Preparing for the Rate Cliff

There’s been a lot of talk about the so-called “rate cliff” where people who locked in low fixed rates a few years ago are now facing much higher rates. While this is certainly a challenge, it’s not insurmountable. The key is preparation and adaptability.

If you’re in this situation, the first step is to understand your new repayment obligations and start adjusting your budget accordingly. This might mean cutting back on discretionary spending or finding ways to increase your income. Some clients have successfully picked up part-time or casual work to boost their cash flow. However, if you’re looking to refinance, be aware that banks might require a history of this additional income, especially if it’s from casual or contract work.

Equity and Cash Flow: The Twin Pillars

Your equity in the home and your cash flow are two critical factors. For those who purchased their homes several years ago, rising property values may have increased your equity, providing a financial cushion. However, if you bought recently, you might not have this luxury. In both cases, maintaining a positive cash flow is vital.

One strategy to manage your mortgage more effectively is to renegotiate your rate with your current lender. Many people don’t realise how often banks are willing to reduce rates to retain customers. As brokers, we spend a lot of time negotiating with banks on behalf of our clients, often securing better rates without the need to switch lenders. This not only saves you money but also spares you the hassle of moving your mortgage. However of course if your bank isn’t coming to the party, it may be worth engaging a broker to consider alternate options.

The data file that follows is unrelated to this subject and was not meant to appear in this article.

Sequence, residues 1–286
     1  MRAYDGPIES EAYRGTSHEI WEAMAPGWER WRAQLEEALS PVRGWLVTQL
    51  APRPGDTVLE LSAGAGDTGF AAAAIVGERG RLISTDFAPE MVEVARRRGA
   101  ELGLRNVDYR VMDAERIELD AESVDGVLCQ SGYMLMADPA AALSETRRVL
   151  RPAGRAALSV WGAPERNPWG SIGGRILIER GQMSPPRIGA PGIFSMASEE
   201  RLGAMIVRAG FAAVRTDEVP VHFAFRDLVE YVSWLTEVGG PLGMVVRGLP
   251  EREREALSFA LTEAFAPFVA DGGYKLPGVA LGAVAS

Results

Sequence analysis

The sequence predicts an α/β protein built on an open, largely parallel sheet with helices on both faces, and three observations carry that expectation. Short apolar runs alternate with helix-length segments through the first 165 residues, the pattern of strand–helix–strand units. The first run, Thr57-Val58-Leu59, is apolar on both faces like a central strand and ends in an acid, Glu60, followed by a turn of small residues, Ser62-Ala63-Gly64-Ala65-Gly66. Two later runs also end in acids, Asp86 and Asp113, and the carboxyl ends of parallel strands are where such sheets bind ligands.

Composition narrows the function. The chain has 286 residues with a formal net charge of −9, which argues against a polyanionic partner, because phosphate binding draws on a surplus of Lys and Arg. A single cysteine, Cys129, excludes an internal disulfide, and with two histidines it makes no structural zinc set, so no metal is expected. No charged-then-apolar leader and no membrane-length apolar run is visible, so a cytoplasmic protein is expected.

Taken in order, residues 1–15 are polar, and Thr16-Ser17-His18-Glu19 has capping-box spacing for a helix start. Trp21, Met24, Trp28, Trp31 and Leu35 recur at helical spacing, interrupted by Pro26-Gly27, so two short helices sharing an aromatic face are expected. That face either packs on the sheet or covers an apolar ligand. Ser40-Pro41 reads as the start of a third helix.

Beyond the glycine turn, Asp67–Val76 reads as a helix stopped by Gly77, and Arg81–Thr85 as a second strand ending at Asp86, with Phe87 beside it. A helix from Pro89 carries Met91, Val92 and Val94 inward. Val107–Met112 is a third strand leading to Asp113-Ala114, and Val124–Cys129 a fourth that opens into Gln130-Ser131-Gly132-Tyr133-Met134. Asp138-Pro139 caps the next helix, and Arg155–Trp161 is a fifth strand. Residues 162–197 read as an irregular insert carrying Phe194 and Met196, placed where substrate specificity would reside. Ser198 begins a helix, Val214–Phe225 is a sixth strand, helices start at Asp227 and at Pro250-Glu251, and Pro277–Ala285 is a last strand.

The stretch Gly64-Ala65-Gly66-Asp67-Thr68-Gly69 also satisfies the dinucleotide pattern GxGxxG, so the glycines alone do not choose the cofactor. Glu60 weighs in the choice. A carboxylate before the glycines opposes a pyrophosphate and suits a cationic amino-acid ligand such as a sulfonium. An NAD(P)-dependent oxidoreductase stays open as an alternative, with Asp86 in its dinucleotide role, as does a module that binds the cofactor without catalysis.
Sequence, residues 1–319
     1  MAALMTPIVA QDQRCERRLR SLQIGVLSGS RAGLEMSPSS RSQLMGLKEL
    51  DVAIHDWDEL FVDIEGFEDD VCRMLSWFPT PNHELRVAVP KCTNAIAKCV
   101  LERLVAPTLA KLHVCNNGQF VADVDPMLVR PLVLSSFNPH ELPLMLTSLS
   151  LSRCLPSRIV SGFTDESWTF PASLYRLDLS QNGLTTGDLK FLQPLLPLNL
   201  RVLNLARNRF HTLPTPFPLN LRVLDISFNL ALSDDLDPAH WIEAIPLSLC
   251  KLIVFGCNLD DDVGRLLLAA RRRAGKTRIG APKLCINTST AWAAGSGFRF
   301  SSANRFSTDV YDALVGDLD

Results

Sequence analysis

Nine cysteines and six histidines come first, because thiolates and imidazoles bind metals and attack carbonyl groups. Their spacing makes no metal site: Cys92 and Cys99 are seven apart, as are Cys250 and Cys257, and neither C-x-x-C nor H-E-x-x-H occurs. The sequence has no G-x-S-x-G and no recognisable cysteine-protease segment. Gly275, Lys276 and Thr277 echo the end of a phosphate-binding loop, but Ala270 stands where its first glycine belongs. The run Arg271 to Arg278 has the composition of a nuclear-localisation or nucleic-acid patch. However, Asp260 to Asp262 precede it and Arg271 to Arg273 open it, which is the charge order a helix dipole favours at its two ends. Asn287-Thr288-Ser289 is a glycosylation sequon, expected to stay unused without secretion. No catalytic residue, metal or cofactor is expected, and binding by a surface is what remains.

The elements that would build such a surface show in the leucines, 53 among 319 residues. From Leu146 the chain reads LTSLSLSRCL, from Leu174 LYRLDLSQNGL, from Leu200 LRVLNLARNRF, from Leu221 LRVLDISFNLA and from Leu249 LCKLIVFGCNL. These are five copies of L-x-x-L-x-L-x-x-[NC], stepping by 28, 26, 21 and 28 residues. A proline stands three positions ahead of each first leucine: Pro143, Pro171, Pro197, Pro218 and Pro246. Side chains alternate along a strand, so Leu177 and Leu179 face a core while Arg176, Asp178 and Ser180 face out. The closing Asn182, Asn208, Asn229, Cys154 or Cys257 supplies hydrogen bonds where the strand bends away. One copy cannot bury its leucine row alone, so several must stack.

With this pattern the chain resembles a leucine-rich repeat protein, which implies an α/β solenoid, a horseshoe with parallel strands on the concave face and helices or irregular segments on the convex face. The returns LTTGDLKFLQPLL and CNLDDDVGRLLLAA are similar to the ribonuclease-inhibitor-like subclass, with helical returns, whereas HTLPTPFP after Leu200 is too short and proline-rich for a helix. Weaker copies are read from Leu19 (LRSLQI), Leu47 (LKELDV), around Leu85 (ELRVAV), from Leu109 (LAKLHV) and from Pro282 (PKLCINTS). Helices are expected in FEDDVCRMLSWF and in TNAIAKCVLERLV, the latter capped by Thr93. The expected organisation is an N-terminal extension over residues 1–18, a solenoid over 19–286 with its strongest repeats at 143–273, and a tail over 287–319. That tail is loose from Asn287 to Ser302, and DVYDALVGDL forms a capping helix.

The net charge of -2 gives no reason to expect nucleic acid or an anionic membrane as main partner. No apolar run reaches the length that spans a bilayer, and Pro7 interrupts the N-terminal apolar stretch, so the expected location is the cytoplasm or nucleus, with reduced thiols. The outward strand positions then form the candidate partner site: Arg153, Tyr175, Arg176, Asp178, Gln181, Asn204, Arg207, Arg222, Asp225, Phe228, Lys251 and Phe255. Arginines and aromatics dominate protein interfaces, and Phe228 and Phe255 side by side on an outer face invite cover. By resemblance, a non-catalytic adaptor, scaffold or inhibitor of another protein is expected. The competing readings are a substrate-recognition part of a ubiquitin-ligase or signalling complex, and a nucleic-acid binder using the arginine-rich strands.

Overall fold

The Importance of Planning Ahead

If you foresee potential difficulties in meeting your mortgage payments, the best time to act is now. Don’t wait until you’re in financial distress. Speak to your broker or lender to explore your options. There might be products or concessions available that can help ease the burden.

For instance, some banks offer reduced interest rate buffers for dollar-for-dollar refinances, making it easier for those who have been diligently paying their loans to secure better terms. These opportunities are often not well advertised, so professional advice can be invaluable.

Stay Proactive, Stay Informed

Navigating the mortgage market in times of fluctuating interest rates can be challenging, but with the right strategies and a proactive approach, you can manage your home loan effectively. Keep an eye on market trends, but don’t be paralysed by uncertainty.

Whether you choose a fixed or variable rate, make sure it aligns with your financial goals and current situation. And most importantly, don’t hesitate to seek professional advice – a good broker can be your best ally in these turbulent times